John Sladek on 8 Mar 2009 15:09:37 -0700

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Re: [PLUG] Verizon FiOS?

I think what you saw what what they call a JIONT (Just Inside ONT). It
is pretty much the same just in a different form factor. Tellabs and
Alcatel make them and I suspect that there is a motorola version also.
This type of ONT can only go inside because it is not water proof.  The
main purpose of this type of ont is to speed up the installation.

As far as doing both Ethernet and MoCA there seems to be a lot of
confusion with this so I'll try to clear it up with a story.

In the beginning, the ONT only used the Ethernet port for the WAN. The
ONT did not even have the capability built into it to use Moca. In my
area we were using 4 port Dlink routers that also did not have Moca
capabilities.  The cable boxes that are IP based and have all the nifty
features use Moca to obtain IP info and transfer data. Since these
addresses are LAN addressed we will call this the Coaxial LAN. To make
the change from coax to ethernet we used a device called a Moca NIM.  

Here is a link I just found that shows how it would be configured. 

The nim was typically placed right next to the router and the technician
would have to run both a cat5e cable and a coax cable to the router
area.  Eventually they switched to the actiontec routers that have moca
built into them and therefore eliminated the need to install 2 devices
(router and nim).  The technician still had to run cat5e & coax to the
router on an installation.  Since many people are changing from cable
they already have coax going to where their computer is located.  This
means the technicians needed to run a cat5e cable to the router for
internet connection and they could just use the coax that was already in
place.  Eventually a big light bulb went off in someones head, "Why
can't we use the Moca standard between the router and the ONT for the
WAN too? This way the technicians would not have to spend time running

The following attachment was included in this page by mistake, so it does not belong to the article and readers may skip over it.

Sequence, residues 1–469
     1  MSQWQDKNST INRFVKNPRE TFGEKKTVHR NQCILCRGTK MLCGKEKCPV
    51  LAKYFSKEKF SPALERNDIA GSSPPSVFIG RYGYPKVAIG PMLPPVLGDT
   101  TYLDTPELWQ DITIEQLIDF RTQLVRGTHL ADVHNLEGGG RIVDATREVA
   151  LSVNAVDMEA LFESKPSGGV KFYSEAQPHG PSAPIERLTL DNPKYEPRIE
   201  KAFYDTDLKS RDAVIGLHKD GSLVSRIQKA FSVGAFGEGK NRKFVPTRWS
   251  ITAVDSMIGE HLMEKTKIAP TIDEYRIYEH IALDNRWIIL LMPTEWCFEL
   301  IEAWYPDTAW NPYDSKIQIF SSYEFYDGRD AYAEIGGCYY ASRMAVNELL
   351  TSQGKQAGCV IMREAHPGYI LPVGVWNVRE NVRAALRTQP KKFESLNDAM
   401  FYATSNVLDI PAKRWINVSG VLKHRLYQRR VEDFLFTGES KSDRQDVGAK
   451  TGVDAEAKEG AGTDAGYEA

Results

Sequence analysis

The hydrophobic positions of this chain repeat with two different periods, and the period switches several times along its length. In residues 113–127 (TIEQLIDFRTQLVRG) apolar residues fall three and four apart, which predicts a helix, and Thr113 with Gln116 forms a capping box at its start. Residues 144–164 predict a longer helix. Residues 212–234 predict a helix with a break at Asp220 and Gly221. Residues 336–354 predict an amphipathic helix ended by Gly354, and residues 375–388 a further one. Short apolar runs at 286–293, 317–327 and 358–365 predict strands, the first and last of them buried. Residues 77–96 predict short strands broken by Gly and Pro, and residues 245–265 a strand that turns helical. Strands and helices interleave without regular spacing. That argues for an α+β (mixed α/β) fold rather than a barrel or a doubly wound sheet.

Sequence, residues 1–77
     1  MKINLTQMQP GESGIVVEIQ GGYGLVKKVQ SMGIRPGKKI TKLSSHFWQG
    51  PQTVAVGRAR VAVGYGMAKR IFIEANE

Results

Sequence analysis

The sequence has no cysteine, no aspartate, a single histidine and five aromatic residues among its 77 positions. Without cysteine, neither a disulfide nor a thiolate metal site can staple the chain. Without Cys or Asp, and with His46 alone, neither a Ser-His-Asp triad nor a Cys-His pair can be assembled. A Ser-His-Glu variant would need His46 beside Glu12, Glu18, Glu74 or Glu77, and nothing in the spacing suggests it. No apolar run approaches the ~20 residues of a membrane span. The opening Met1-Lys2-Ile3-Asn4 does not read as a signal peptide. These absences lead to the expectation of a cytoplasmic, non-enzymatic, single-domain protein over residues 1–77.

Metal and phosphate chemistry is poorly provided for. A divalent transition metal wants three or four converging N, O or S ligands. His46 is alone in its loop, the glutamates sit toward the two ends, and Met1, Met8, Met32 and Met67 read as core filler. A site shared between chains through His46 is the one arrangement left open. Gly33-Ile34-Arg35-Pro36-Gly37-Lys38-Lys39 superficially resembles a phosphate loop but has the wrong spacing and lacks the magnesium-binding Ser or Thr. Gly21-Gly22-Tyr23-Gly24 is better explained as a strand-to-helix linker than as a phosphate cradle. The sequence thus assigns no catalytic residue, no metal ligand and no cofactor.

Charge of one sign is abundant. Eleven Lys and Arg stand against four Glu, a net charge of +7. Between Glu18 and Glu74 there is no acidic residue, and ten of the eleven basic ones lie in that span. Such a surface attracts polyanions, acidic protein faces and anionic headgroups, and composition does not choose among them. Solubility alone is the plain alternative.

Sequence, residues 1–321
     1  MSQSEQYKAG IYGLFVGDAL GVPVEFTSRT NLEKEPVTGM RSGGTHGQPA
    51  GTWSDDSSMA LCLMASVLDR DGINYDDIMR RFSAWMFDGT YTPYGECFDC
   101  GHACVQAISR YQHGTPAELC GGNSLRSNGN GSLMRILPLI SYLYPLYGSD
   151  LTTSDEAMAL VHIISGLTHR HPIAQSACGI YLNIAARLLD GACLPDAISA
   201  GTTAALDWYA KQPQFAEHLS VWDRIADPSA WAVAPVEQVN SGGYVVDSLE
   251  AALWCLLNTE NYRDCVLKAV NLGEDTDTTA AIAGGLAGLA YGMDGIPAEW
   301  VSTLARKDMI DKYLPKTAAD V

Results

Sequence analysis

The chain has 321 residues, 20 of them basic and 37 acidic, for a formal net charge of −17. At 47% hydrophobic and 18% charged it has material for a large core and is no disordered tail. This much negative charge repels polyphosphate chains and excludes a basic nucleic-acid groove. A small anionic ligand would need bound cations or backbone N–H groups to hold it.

the CAT5e cable." The answer was we could if the ONTs had the capability
to run Moca.  So the next version of ONT was built with the capability
to use Moca (Moca WAN) or Ethernet but not both at the same time. The
technician makes the call depending on what will work best for the
installation.  For the most part Moca WAN is the simplest for the
technician.  If the customer already has cable the verizon tech just has
to swap out their modem with our router. This becomes a problem when the
customer does not want to use the actiontec router as their edge device.
This is because the tech would have to run a CAT5e again and there would
have to be some nonstandard configurations that the technicians are not
really there to do.  The installation can still be done using Cat5e for
the WAN and running a coax to the router to allow the cable converts
access to the LAN. Once the technician is done you could release the WAN
IP (sometimes you have to have the FSC break the lease) from the router
and then replace the router with your own. You would then plug the
Actiontec WAN into your LAN and give it an IP either DHCP or static
(just not a 192.168.1.x address) and then let the action tech hand out
addresses to the settop boxes. 

In no way am I suggesting that everybody that Gets a FiOS installation
to tell the technician that you HAVE to have Ethernet for the WAN. The
Moca WAN is fine for most installs and there may be a bill to run the
cat5e if there is existing Coax located close to where the router is
going to be.

Hope that makes sense...


On Sun, 2009-03-08 at 14:35 -0400, Brian Vagnoni wrote:
> So I finally made it up my parents house the other day; I know shame on me. I was very surprised to find a slightly different FiOS device in their house then what I'm use to seeing in some of the other places & posts. I didn't have my camera on me so sadly I don't have any pictures. Will be sure and get them next time for folks here. Perhaps John S. can  shed some light on what I saw. This unit was on the inside of the home and was complete with battery backup for the telephone part of the triple play. It looked like it could do both Ethernet and MoCA right out of the box. Sorry I'm so lame I didn't have my laptop on me either(I know what good am I :-) ), so I can't verify that. Again next time for sure.
> They did a good job despite the old 24 - 32 pair CAT 3 PBx cable my parents had in their house. It took 2 people four hours to complete the job. Maybe it's the economy but I've been having good experiences with Verizon personnel lately myself. Working with Barfly systems lately and we had seven xDSL lines all go in as promised by Verizon. 
> Barfly is also using OSS and the system runs on Ubuntu with an Extron scaler(PIP with RSS Ad feeds) performing virtually real time data manipulation of the base band cable TV signal. Very cool stuff.
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